Kyoto Uchiwa Fans, a Japanese craft, high grade product example
Kyoto Uchiwa Fans, a Japanese craft, high grade product example, diagonal front view
Kyoto Uchiwa Fans, a Japanese craft, high grade product example, details of fan face
Kyoto Uchiwa Fans, a Japanese craft, high grade product example, placed in a beautiful room

At the Aiba shop in Kyoto they have for over 300 years been making Kyoto fans with uncompromising perfection and beauty. “Rather than to produce wind, this fan was proposed by the ninth generation owner as a concept to ‘cool with the eyes.’” With a transparent frame and delicate paper cut-outs, this ‘openwork fan’ has been warmly received by foreign audiences as a displayed piece of art. 

In fact, a Kyoto fan with semitransparent areas is nothing new. However, one which is entirely composed of such semitransparent design was a first. The Aiba fan is thus one of uniform and dual-sided transparency. Paper is only used where a design is applied, meaning no background appears anywhere else on the fan. This makes the steps involved in production much more demanding on the artisan. At present, Aiba artisans spend several weeks on each piece.

The high quality of these fans begins with the careful selection of only domestically sourced and prepared materials. Completed with carefully selected four to five year old bamboo from nearby Tanba, handmade Japanese paper, and domestic hemlock and cedar for decoration, only the best materials are used in the making of these fans. With designs that reflect the beauty of the four seasons, the Aiba fan is enjoyed in many ways like Japanese flower arranging (ikebana) and the hanging scrolls of tradition Japanese interior decorating.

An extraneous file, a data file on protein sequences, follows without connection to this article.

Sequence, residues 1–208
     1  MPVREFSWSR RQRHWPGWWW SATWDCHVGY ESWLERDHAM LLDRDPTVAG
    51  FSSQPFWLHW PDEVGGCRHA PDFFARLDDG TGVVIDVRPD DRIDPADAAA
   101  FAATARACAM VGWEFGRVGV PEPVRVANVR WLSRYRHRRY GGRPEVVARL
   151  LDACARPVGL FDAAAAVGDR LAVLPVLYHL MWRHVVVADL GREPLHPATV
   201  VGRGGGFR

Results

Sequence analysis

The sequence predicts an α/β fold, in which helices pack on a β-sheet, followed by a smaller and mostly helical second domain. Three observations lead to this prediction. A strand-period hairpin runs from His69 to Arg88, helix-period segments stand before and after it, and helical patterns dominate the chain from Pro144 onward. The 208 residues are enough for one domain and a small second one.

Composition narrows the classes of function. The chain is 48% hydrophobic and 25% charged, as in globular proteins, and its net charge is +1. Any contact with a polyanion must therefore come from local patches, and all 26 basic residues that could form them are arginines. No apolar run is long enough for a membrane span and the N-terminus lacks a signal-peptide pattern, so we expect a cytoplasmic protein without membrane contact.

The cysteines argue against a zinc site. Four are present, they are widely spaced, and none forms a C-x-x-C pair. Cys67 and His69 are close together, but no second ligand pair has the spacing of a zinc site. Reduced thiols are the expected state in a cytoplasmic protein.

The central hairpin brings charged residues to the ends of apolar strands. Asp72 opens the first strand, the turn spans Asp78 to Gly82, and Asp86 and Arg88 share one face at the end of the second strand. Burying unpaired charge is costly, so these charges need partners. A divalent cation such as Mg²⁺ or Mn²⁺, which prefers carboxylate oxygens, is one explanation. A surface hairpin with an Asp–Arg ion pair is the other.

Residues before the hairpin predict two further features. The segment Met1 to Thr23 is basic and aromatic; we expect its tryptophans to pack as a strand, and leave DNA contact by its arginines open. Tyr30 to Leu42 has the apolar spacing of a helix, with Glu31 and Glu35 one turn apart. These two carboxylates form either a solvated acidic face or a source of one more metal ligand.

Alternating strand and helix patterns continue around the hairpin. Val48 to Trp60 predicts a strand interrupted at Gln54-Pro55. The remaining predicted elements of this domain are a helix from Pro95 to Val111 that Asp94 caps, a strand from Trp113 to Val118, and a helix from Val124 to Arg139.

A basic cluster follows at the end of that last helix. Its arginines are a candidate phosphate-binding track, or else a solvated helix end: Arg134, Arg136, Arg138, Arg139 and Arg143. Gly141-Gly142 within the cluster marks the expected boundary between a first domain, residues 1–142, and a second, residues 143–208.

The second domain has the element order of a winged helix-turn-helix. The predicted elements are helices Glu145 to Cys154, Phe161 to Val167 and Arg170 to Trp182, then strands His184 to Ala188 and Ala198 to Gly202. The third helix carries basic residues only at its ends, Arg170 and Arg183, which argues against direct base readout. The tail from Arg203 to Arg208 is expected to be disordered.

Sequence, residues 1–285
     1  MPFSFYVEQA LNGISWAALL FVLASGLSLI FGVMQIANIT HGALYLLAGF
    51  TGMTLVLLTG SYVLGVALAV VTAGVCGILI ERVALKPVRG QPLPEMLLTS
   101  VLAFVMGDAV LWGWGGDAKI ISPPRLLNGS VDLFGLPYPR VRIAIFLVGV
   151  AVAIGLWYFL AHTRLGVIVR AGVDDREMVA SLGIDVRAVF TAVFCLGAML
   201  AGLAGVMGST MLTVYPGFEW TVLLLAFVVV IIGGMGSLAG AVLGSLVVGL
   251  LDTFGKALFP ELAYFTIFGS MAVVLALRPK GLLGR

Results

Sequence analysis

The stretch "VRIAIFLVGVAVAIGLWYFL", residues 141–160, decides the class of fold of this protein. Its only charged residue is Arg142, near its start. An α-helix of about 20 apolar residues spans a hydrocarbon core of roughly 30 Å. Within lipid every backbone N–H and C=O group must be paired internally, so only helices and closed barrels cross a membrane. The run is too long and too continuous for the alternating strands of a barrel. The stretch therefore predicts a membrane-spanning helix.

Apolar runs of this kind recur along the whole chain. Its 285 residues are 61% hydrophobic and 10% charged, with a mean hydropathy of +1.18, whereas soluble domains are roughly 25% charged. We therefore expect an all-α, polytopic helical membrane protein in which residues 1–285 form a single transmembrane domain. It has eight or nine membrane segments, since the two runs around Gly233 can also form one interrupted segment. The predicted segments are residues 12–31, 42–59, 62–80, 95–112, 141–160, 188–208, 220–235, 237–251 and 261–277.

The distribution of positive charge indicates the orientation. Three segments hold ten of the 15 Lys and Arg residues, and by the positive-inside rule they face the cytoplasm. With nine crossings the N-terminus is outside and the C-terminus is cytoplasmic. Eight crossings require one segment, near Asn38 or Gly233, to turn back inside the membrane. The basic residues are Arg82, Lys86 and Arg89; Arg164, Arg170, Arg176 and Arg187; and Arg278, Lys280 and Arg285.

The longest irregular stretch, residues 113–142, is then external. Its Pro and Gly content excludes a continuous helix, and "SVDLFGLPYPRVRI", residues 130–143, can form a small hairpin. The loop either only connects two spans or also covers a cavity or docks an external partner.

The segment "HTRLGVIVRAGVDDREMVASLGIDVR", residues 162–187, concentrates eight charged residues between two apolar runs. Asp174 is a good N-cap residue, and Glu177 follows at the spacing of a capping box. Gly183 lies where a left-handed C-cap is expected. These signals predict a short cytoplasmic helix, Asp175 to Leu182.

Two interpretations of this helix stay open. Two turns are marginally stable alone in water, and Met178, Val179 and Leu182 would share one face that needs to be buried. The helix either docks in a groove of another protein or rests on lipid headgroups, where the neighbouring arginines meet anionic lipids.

Blog author, Jay

Author - Jay

In my spare time I enjoy watching baseball, tasting local cuisine, and exploring by road and rail. Having lived in several cities around the world, I have an appreciation for local as well as international histories and cultures. Excited by cultural and social exchange, it is my hope that this blog will help promote an interest in Japanese traditional wares and practises by introducing you to their history and meanings.